When planning your next Trail getaway, consider choosing the small city of Cranbrook in southeastern British Columbia as a base. Connecting the rail-grade ease Chief Isadore Trail and the scenic beauty of the North Star Rails to Trails, this small city in the Kootenays is a must-visit for cyclists exploring western Canada.

Discover the natural beauty and rich heritage of Cranbrook and its surroundings with this two-day journey.

Read Neil Shuttleworth’s story

Day 1: A full day on the Chief Isadore Trail Toggle Arrow

Morning

Start your day with breakfast at Soulfood, an organic-focused café and restaurant in the heart of Cranbrook. Their delicious breakfasts, made with local produce, will satisfy your hunger before your outing on the Chief Isadore Trail.

Begin your Trail journey at the Isadore Canyon trailhead at the entrance of Cranbrook Community Forest, and follow the Trail as you take in views of the Steeples and the Rockies.

If you want to take a short break, follow the Rampart Rest Area Loop. This easy seven-kilometre hard-packed gravel path connects the Rampart Rest Area along highway 3 with the rail grade of the main Chief Isadore Trail in an easy six-kilometre loop, passing by several small ponds. Stop by the rest area and enjoy a packed lunch and some water, before following the loop back to the main Chief Isadore Trail.

Afternoon

In the mood for a more strenuous cycle? Continue to the Mayook Trail, a fun 17-kilometre section of the Chief Isadore Trail that begins at the Pritchard Road trailhead. The Mayook Trail leaves the old rail-grade and climbs 200 metres over the course of eight kilometres, gaining elevation from both directions to a midway high point, where you can stop for a snack or to take photos. Ride up and down this trail, which has sustained grades of 5%. It’s a winding section with an enjoyable, easy downhill run. Once you reach the trailhead at Ha-Ha Creek Road, turn back and return to Cranbrook.

As you explore the Chief Isadore Trail, you’ll find numerous kiosks explaining the history and geography of this stunning area. You’ll also discover a number of interpretive signs explaining the customs and heritage of the Ktunaxa Nation, which TCT helped to develop in partnership with the local Indigenous community.

Evening

Settle into your first night in Cranbrook with dinner at Allegra, a Mediterranean-themed restaurant on Cranbrook Street North.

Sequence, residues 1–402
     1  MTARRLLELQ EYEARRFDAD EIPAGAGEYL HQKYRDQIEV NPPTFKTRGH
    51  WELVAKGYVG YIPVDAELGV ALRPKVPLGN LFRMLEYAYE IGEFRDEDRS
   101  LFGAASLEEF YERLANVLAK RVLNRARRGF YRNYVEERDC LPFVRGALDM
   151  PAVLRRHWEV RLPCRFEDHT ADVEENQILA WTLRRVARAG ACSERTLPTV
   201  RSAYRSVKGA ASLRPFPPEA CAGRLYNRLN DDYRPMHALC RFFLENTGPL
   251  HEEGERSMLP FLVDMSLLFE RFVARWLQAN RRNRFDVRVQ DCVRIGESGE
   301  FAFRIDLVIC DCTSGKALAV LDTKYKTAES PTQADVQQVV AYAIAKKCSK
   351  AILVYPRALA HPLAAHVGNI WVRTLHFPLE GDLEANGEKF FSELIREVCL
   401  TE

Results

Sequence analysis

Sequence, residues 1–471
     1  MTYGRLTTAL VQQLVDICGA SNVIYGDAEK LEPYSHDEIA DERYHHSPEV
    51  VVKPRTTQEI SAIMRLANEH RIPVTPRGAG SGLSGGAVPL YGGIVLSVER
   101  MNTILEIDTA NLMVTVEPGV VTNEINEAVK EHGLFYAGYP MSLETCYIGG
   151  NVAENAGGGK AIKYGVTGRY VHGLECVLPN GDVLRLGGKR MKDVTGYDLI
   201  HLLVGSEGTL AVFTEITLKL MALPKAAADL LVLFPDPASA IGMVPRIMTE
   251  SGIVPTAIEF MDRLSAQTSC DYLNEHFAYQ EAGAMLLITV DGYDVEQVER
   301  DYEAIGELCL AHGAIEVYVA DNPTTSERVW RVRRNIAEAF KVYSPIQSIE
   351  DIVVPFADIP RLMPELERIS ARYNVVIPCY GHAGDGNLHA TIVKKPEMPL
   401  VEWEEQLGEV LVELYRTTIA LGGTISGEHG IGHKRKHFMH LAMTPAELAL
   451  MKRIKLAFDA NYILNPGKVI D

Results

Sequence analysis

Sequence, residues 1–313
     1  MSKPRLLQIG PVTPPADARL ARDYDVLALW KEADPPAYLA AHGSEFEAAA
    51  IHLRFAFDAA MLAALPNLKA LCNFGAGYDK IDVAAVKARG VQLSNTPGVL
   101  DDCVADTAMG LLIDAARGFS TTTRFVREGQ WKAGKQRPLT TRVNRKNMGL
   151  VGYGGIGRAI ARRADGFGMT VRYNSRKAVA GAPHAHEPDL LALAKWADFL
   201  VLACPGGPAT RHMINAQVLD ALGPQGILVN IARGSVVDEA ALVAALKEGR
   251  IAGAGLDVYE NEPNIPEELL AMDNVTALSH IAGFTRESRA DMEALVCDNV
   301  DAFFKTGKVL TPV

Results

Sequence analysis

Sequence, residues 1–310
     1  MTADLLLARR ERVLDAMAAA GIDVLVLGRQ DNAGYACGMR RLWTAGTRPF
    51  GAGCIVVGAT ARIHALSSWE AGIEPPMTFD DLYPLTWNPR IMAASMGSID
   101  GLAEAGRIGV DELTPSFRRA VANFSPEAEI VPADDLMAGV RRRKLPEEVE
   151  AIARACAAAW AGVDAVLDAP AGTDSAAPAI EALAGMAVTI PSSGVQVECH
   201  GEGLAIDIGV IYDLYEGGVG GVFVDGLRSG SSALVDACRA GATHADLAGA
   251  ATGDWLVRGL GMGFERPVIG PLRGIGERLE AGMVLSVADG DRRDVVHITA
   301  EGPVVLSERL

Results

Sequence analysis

Day Two: Discovering Kimberley via North Star Rails to Trails Toggle Arrow

Morning

After treating yourself to a tasty breakfast and coffee at Hot Shots Café, get ready for your next day on the Trail, beginning at the North Star Rails to Trails trailhead. This 28-kilometre paved Trail section runs parallel to the highway, then dips down through the forest before crossing the St. Mary River on a restored railway bridge.

The North Star Rails to Trails follows the former rail grade that used to service the Cominco Mine in Kimberley. The mine closed in 2001 after over 100 years in operation. Ten years later, the North Star Rails to Trails opened as a non-motorized connector between the two East Kootenay Cities.

 

The trail climbs up to Wycliffe and through prairie, where you can enjoy some of the best views of the Rocky Mountains to the east and Purcell Mountains to the west. Take a few moments to park your bike and admire the stunning views around you as you cycle towards Kimberley.

Afternoon

 

At the end of this Trail section, congratulate yourself on reaching one of the highest cities in Canada! At 1,113 metres, Kimberley is often called the Bavarian City of the Rockies. It’s also an ideal spot to refuel after your cycle.

Wander to the Platzl shopping area, where you will find eclectic stores and quirky restaurants and cafés to grab lunch. For a hearty mid-cycle meal, The Shed is a local favourite. Once you have taken time to rehydrate and refresh yourself, get back to the Trail and enjoy a fun, downhill ride to Cranbrook.

 

Evening

Take time in the evening to rest, before getting dinner and a local craft beer at The Heid Out Restaurant on Baker Street in Cranbrook.

Neil Shuttleworth, Chief Isadore Trail volunteer

“I love working with trails. Trails should give people an experience, and they should leave an impression on us.” – Neil Shuttleworth, Chief Isadore Trail

Read his story

Getting here

Fly to the Canadian Rockies International Airport (XYC) with a number of airlines. Alternatively, drive into Cranbrook via highways 3 or 95.

Trail sections mentioned:

  • Chief Isadore Trail
  • North Star Rails to Trails

Where to stay

With beautiful views of the nearby Elizabeth Lake conservation area, Elizabeth Lake Lodge offers rooms with full kitchens and comfortable queen beds close to the trailheads.